As we saw, if we want to change anything in our reality, first, we need to change within our minds. To innovate our world, we need to innovate our thinking first. Only once we disrupt our thinking we can see new ways of moving forward.

However, disrupting our thinking may not be enough. There are many examples of smart think tanks, forums and brainstorming groups. They create brilliant reports, plans and strategies — like the ones we analyzed at the beginning of this piece — that too often don’t yield results.

The science of consciousness, laid down for us by the Vedic sages, informs us that to disrupt reality, we need to go way beyond “thinking”.

In a body of science called the Pancha Koshas — or the five sheaths in Sanskrit — the Vedic sages recognize us as multi-layered beings, varying from the Gross Body — which includes your flesh and bones — to the Subtle Body within — which consists of the mind and vital energies — to the Causal Body further within — which includes the timeless and spaceless aspect of our being. Contained within these three bodies are five layers that together constitute the self. Associated with each of these five layers of awareness is a different intelligence with a unique creative potential. These layers can be easily considered layers of clothing, which divide the causal awareness from the materialistic reality of the world we experience through our mind and body, our configuration or form.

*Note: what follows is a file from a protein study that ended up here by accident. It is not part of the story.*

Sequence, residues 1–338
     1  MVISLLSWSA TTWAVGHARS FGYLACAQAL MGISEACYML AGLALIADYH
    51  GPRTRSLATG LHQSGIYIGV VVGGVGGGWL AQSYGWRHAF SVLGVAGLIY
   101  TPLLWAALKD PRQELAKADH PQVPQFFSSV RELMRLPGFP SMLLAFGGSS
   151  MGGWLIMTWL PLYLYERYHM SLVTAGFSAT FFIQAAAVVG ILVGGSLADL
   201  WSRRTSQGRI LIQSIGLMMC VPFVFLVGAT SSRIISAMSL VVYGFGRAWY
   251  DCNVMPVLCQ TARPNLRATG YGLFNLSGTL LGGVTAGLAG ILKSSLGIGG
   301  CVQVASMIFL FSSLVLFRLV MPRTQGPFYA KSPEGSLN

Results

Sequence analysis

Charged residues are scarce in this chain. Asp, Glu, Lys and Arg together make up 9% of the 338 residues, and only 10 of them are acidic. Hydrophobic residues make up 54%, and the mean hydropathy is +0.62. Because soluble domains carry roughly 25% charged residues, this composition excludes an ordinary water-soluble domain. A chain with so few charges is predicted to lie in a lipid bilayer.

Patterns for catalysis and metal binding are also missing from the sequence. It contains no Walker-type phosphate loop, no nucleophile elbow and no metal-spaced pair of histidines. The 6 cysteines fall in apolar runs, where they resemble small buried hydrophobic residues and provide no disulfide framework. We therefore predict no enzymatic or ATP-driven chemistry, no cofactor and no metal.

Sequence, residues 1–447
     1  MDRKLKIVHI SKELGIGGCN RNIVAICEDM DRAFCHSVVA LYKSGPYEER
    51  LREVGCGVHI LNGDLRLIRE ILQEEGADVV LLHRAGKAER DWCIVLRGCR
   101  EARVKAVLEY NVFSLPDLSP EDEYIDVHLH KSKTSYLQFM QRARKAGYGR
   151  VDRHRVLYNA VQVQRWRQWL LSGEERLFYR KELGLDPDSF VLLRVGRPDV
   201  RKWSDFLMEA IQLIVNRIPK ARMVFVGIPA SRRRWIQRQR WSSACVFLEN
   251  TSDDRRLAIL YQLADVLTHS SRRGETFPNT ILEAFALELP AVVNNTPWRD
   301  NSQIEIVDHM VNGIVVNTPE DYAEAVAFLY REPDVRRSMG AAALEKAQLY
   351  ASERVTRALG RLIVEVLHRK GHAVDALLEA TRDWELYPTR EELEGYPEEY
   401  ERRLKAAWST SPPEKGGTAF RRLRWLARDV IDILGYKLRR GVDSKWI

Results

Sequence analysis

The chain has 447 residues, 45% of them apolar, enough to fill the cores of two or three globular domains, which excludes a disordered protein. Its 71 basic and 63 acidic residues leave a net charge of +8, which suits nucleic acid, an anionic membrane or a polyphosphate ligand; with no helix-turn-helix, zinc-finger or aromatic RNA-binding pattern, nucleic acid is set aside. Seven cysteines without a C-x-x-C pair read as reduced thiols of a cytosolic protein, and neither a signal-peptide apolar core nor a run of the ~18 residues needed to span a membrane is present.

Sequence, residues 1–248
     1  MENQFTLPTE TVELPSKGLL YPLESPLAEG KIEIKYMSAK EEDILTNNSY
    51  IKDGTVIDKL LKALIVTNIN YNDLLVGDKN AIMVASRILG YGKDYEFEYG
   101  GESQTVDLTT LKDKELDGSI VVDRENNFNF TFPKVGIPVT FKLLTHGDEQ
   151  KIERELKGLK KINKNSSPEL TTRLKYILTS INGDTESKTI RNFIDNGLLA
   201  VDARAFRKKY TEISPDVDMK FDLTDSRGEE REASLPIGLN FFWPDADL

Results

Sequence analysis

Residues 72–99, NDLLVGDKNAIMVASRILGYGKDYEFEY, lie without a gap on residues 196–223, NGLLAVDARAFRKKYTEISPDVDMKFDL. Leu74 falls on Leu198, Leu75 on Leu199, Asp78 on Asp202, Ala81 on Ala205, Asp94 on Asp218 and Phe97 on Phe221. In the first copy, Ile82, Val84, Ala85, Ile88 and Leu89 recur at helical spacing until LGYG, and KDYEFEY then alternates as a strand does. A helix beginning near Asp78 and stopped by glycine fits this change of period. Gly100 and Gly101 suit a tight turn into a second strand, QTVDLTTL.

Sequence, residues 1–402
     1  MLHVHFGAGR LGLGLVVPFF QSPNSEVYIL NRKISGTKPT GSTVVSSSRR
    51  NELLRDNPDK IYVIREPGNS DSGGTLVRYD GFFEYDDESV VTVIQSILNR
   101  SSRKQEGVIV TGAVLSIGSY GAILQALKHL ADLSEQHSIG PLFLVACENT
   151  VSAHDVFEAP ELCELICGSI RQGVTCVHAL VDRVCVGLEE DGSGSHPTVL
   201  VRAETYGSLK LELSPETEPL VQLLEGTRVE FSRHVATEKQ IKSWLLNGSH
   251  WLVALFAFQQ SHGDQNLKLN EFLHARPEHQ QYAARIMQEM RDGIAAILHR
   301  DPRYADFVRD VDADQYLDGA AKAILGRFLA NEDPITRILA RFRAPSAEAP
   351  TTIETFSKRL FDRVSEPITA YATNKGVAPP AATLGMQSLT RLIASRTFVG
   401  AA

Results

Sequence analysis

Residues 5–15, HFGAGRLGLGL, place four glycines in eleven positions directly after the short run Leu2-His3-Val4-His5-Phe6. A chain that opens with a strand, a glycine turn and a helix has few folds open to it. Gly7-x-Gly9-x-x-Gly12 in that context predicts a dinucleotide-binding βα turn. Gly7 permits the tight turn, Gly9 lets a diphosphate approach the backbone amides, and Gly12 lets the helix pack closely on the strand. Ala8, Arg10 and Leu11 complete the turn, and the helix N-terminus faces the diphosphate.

Awareness manifests into form and thus shapes our reality, flowing through all five layers. However, this flow of awareness is hindered by the layers of conditioning — our belief systems, habits or reflexes — built through lifetimes of experiences.

As a result, our ability to create a radically new reality is thwarted. What we truly need, then, is an expansion in awareness that allows us to engage the intelligences of all layers, of which the ability to think is just one.

The more we subtract the layers of our conditioning, the more we expand our awareness and access the field of pure potentiality from which radical innovations can emerge.

If you feel called to make an impact and do something about any of humanity’s challenges, you must begin by turning inward and embracing a journey of subtraction.

This is the invitation in Gandhi’s words; if you want to innovate the world, you must begin by innovating yourself. And because the world we experience comes as much, if not more, from the inside out as from the outside in, you are genuinely changing the world by innovating yourself.

To innovate yourself through subtraction is then the bold action that can make a difference. And the good news is that not only you will be the creator of a new world, you will also find bliss in the process.

In the meanwhile, we can get out of the way

Photo by Sharon McCutcheon from Pexels

Let’s be honest; many don’t and won’t hear the calling to subtract and innovate themselves. And for many others, it may be too late to subtract all their conditioning and limiting beliefs and fully realize the world they envision in their own life.